Three QTPOC and their White Friend are entering a queer party. QPOC 1 is Mestiza, QTPOC 2 is a non-binary South Asian, QTPOC 3 is a Black trans woman, and White Friend has one arm. They are all looking the reader’s way.
QTPOC 3: When Professor Kimberlé Crenshaw coined the term “intersectionality” back in the 80s, she was creating language to help discuss the experience of Black womanhood.
White Friend: The idea is that blackness and womanhood are two different streets, and when those streets intersect, you get a unique address and an experience like no other.
QTPOC 2: Likewise, when LGBTQIA+ identities intersect with POC identities, the experience and struggles will be different from those of folks who only live on one of those streets.
QPOC 1: That said, here are just four of the unique struggles faced by people who live on the corner of QT and POC!
Text: #1 – Whiteness is a shield, and POC don’t have it.
Our cast is gathered at the bar.
White Friend: In all oppressed groups that include white or white-passing members, which is essentially all of them, the white ones are the least marginalized. It’s no different in queer communities.
QPOC 1: For instance, did you know that 4 out of 5 LGBTQIA+ homicide victims are POC?
QTPOC 3 is gesturing at the audience with a nacho chip, a bowl with more chips in their other hand.
QTPOC 3: And let the record show that 3 out of 5 victims were Black specifically, and 50% of all victims were transgender women of color.
Text: #2: Queer POC don’t get to go to queer “safe spaces” and just be queer.
QPOC 1 and White Friend are walking into the party crowd, QPOC 1 has a hand raised as if to say “no way” to a different white queer who is ogling her.
QPOC 1: I’m tired of being told I’m someone’s fetish. It’s bad enough when straight people do it, but when it happens in queer spaces, it makes me feel like I have nowhere to go!
QTPOC 2 and QTPOC 3 are sticking close together in the crowd. QTPOC 3 is reaching in her purse.
QTPOC 2: It’s hard to feel queer solidarity after hearing “Sorry, I’m just not into Asians” for the hundredth time.
QTPOC 3: I’m too busy defending my gender presentation wherever I am to even want to date anybody these days.
QTPOC 3 is checking her lipstick in compact mirror.
QTPOC 3: Femmes of color are routinely invalidated as mean, tough, aggressive, or manly because of gendered racism, especially when we speak up for ourselves. With all that on top of being trans, it feels like I can never be “femme enough.”
Text: #3: Issues specific to QTPOC are often deemed “niche” and “divisive.”
The friends sit at a table together. In the background, some random white queers are dancing and happily shouting words like “yaaas” and “werk, gurl” and “that’s my bae!”
QTPOC 3: (Arms crossed, looking uncomfortable.) It’s still not okay to appropriate African American Vernacular English (AAVE) just because the words being used are associated with black queers…
QPOC 1: (Doing scare quotes with her hands while rolling her eyes.) Every time I bring that up, I get accused of being a racist myself for “wanting to split queers up by race.”
White Friend stirs their drink with a straw.
White Friend: (Looking at reader.) Meanwhile, not taking the concerns and experiences of QPOC seriously is a way of splitting us up by race. What else can you call it when a white person’s autonomy – queer or otherwise – comes at the expense of POC liberation?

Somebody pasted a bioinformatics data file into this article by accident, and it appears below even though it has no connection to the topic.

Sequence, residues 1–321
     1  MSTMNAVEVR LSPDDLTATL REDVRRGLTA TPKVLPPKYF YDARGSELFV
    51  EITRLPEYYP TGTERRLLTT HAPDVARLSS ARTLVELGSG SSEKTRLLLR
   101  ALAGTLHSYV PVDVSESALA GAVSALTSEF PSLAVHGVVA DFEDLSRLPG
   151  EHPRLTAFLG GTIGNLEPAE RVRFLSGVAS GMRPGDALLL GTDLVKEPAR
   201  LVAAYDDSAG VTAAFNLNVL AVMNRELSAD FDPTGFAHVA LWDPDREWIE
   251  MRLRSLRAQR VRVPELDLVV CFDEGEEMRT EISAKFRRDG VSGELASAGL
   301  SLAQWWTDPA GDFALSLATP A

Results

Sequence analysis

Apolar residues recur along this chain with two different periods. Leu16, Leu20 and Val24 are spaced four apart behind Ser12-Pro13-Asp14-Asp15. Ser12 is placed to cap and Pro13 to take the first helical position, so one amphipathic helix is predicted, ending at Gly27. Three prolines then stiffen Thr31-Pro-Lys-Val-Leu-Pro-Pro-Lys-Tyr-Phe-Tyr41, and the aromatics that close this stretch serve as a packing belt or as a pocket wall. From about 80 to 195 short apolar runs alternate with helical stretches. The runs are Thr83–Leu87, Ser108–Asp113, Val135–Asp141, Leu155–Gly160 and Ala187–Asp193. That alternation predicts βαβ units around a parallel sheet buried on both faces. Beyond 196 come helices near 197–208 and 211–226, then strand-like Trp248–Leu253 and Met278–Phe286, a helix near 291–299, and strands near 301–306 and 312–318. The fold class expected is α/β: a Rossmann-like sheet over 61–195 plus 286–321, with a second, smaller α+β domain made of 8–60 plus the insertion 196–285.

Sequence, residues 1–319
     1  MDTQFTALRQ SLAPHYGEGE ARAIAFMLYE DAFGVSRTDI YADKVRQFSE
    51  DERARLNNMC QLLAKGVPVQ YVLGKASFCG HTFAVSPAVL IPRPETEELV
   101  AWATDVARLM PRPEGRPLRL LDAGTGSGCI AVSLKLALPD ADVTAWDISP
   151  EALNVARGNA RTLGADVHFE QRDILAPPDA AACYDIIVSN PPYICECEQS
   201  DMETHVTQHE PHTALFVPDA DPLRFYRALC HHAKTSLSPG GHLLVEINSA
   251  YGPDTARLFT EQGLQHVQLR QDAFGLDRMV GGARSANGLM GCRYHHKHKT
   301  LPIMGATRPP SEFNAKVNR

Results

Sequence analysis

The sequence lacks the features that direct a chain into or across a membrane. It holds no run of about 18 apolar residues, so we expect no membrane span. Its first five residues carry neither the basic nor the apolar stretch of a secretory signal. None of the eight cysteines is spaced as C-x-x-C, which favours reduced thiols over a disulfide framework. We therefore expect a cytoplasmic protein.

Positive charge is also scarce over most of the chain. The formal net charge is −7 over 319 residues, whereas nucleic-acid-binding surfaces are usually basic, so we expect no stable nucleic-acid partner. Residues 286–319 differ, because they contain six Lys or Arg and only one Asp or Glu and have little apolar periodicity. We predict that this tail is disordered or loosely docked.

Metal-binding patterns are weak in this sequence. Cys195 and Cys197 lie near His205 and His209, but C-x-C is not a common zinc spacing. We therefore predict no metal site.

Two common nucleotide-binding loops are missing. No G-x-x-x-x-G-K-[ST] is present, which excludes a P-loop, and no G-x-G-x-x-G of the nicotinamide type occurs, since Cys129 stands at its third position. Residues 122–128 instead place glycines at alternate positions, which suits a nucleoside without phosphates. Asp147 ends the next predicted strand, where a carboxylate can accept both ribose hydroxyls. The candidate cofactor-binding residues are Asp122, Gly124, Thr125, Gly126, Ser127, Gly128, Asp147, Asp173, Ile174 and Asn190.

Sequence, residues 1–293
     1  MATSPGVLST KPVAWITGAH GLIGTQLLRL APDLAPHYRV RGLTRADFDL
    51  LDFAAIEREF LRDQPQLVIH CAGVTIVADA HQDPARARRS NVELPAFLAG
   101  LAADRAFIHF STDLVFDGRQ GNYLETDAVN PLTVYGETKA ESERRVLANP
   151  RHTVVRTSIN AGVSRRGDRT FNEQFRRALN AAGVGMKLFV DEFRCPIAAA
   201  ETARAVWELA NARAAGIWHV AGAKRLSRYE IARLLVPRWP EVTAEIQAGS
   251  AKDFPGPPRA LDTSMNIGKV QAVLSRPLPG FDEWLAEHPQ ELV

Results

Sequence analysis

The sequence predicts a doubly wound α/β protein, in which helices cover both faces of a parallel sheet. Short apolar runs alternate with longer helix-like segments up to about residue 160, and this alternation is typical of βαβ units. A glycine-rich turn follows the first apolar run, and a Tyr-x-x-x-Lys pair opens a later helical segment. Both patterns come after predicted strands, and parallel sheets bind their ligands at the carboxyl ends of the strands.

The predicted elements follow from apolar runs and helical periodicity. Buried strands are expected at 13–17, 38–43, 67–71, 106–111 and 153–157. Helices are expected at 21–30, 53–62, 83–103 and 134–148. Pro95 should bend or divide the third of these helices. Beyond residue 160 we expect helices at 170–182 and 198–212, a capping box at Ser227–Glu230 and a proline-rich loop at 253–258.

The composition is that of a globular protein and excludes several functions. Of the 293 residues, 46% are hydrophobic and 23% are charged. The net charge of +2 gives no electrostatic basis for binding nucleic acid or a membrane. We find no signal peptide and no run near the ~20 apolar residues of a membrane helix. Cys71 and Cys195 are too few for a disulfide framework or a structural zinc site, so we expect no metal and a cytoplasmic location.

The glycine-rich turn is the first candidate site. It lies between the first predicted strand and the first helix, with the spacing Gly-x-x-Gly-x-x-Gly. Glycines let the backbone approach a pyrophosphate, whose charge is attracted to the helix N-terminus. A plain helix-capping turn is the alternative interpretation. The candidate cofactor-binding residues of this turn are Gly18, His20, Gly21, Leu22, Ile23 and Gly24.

Text: #4: Queer POC have their narratives dominated by white American colonialism.
Focus on QTPOC 2 and QPOC 1, who are sitting next to each other. QPOC 1 is looking something up on her phone.
QTPOC 2: “People of Color” includes many ethnic groups who recognize more than two genders, which complicates the meanings of American words like “trans” and “queer” for many POC.
Focus on QPOC 1’s smart phone as she shows the reader the headline of an article about hijra identity in India, including a picture.
QPOC 1: Hijra, a gender recognized in South Asia, were criminalized under British rule in India, just as the two-spirit gender common across indigenous nations of the Americas was stigmatized by white European colonizers.
Focus on QPOC 3 and White Friend sitting by each other.
QTPOC 3: I have two-spirit friends that don’t like identifying as “trans” because their gender doesn’t defy any of their culture’s gender norms. They say they are only “trans” within the context of white supremacy and don’t want white ideas to define them.
White Friend: (White Friends looks surprised but receptive.) Whoa! I didn’t know that.
The whole cast sitting at their booth together. QTPOC 3 is smiling in acknowledgement of QPOC 1’s words.
QPOC 1: I have a two-spirit cousin that feels differently, but it’s so important to remember that POC communities are not hive minds.
White Friend points out a photo booth across from their table with people exiting from it. Our whole cast looks excited.
White Friend: Photo booth’s free!
QPOC 1: Damn, finally!
QTPOC 2 climbing into the photo booth while reader is seeing this from the camera’s perspective.
QTPOC 2: (Looking into the camera.) All you really need to remember is that multiple oppressions multiply each other.
QTPOC 3 is sitting down inside the photo booth while QPOC 2 scoots over.
QTPOC 3: (Looking into the camera.) Every single thing about a person impacts their life in one way or another.
White Friend is squeezing in, QTPOC 3 moving to sit on QTPOC 2’s lap.
White Friend: It’s always better to ask than to assume, and always be ready to listen.
QPOC 1 hops on White Friend’s lap (everyone is happy and okay with all this lap-sitting).
QTPOC 1: We don’t expect everyone to get us. They won’t. Just trust us when we tell you our stories.
The last panel is a cute photo of the cast with a star border and the words “Thanks For Listening!” at the bottom.